It has been predicted that access to water will create conflict between countries. In Africa, central Asia, west Asia and the Americas, some countries are already arguing fiercely over access to rivers and inland seas, a...
26 Jan 2009 - by Philippe Rekacewicz
Level of river fragmentation and flow regulation
River fragmentation - The interruption of a river’s natural flow by dams, inter-basin transfers or water withdrawal - is an indicator of the degree to which rivers have been modified by man (Ward and Stanford, 1989, and ...
26 Jan 2009 - by Philippe Rekacewicz (Le Monde diplomatique), March 2006
Water supply per river basin in 1995 and 2025
Although the absolute quantities of freshwater on earth have always remained approximately the same, the uneven distribution of water and human settlement continues to create growing problems freshwater availability and ...
26 Jan 2009 - by Philippe Rekacewicz,February 2006
Freshwater alkalinity: 1976-2008
Alkalinity is commonly used to indicate a water body’s capacity to buffer against acidity; that is, the ability to resist, or dampen, changes in pH. Thus, alkaline compounds in water, such as bicarbonates, carbonates, an...
26 Jan 2009 - by Philippe Rekacewicz (Le Monde diplomatique), February 2006
World's surface water: evaporation and runoff
Because much of the world’s surface water is far from concentrations of human settlements, not all of it is readily usable. Some facts concerning global freshwater concentrations: - It is estimated that the freshwater ...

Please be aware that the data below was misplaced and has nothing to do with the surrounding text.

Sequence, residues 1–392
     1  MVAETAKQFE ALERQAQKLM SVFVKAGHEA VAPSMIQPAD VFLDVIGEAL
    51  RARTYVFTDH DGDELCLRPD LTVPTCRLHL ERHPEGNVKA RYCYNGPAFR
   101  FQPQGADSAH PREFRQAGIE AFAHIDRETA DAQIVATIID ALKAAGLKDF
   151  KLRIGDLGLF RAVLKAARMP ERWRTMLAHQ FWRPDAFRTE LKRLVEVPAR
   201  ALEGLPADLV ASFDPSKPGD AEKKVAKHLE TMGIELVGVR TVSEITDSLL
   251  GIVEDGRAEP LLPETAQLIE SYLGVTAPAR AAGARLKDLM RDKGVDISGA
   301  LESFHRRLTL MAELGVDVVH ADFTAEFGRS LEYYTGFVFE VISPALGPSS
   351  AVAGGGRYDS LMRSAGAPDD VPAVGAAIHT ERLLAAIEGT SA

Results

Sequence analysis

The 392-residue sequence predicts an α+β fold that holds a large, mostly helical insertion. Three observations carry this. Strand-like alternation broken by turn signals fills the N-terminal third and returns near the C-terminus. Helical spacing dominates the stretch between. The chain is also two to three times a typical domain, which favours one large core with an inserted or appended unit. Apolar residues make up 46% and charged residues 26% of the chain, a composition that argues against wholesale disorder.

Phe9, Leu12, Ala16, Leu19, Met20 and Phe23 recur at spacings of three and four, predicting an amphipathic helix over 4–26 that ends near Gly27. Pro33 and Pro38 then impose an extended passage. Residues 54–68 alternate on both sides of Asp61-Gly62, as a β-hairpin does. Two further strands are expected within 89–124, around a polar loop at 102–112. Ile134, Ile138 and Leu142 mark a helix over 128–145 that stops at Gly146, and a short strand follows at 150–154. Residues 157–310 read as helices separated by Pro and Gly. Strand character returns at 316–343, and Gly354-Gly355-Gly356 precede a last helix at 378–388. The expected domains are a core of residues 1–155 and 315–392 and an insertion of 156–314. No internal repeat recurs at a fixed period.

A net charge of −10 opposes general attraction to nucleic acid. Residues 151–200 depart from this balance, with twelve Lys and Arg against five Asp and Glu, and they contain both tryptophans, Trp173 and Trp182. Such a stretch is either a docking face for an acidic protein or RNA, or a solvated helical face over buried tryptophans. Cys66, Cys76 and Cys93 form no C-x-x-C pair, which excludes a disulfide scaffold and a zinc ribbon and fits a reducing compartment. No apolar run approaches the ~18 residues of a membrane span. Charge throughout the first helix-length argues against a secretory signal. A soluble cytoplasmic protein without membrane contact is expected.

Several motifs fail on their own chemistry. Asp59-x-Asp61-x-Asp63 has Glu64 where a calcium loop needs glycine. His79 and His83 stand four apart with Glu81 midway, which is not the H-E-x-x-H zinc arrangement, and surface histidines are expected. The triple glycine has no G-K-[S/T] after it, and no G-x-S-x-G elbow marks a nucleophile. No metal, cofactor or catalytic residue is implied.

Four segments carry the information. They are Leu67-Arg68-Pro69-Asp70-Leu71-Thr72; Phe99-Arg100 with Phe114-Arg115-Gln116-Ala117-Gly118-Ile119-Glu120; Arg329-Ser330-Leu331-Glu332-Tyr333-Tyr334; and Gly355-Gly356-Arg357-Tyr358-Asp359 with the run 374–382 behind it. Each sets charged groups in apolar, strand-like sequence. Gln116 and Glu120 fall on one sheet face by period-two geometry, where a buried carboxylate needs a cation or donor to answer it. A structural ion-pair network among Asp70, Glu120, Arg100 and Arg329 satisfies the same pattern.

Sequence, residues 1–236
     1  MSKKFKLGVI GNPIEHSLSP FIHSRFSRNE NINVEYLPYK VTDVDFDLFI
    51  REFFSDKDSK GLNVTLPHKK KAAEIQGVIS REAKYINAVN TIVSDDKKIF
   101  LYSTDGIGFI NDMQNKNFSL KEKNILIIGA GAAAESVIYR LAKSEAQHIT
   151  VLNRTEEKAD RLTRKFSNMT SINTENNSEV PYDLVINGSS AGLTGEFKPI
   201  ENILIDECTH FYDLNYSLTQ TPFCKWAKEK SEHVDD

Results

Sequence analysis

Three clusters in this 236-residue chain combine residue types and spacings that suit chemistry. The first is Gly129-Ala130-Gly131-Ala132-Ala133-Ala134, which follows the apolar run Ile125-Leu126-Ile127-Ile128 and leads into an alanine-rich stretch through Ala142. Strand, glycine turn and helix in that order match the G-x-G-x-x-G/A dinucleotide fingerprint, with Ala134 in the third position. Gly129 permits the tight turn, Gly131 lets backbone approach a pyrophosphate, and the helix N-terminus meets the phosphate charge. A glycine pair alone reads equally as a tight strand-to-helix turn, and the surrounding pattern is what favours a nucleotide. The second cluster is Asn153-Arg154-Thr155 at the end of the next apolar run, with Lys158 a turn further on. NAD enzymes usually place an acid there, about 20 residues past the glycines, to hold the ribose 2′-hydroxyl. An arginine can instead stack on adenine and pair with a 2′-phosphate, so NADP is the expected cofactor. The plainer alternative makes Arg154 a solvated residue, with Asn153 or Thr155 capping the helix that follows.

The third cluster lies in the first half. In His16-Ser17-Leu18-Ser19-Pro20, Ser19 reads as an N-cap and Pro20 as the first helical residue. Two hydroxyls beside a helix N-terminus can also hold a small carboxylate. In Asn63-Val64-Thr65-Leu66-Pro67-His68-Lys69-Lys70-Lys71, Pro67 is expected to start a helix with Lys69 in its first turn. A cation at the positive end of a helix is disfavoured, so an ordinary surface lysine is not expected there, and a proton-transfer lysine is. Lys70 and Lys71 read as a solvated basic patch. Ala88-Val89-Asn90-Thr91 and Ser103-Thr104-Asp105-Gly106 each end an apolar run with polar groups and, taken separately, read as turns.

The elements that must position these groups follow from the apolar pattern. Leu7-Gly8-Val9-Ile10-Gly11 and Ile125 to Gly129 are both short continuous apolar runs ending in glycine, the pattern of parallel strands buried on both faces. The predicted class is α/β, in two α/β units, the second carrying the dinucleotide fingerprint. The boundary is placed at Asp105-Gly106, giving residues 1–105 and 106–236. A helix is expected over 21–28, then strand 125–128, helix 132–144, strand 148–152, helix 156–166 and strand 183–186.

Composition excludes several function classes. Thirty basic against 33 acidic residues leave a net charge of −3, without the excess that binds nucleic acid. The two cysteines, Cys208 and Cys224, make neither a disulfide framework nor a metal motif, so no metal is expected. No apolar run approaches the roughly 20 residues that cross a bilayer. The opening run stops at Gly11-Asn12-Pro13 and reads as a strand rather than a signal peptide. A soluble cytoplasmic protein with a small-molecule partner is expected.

26 Jan 2009 - by Phillippe Rekacewicz (Le Monde diplomatique), February 2006
The Mekong River - survival for millions
The Mekong River - survival for millions Following the course of the Mekong River helps to understand the human/river hydrological interdependence. From its source on the Tibetan Plateau it drops 5,000 metres and flows a...
26 Jan 2009 - by Philippe Rekacewicz
Africa’s rivers and lake basins cross many borders
The below shows the locations of 13 major river basins in Africa.
26 Jan 2009 - by Philippe Rekacewicz (Le Monde diplomatique), 2007
Renewable surface water produced internally
It is difficult to determine the amount of renewable water produced internally from the total renewable water resources (external and internal). However the FAO gives a rather precise definition of this indicator. Intern...
26 Jan 2009 - by GRID-Arendal
Main world’s river basins
Reservoirs are artificial lakes, produced by constructing physical barriers across flowing rivers, which allow the water to pool and be used for various purposes. The volume of water stored in reservoirs worldwide is est...
26 Jan 2009 - by Phillipe Rekacewicz, February 2008
Freshwater resources: volume by continent
Glaciers and ice caps cover about 10% of the world’s landmass. These are concentrated in Greenland and Antarctica and contain 70% of the world’s freshwater. Unfortunately, most of these resources are located far from hum...
01 Oct 2009 - by Philippe Rekacewicz (Le Monde diplomatique)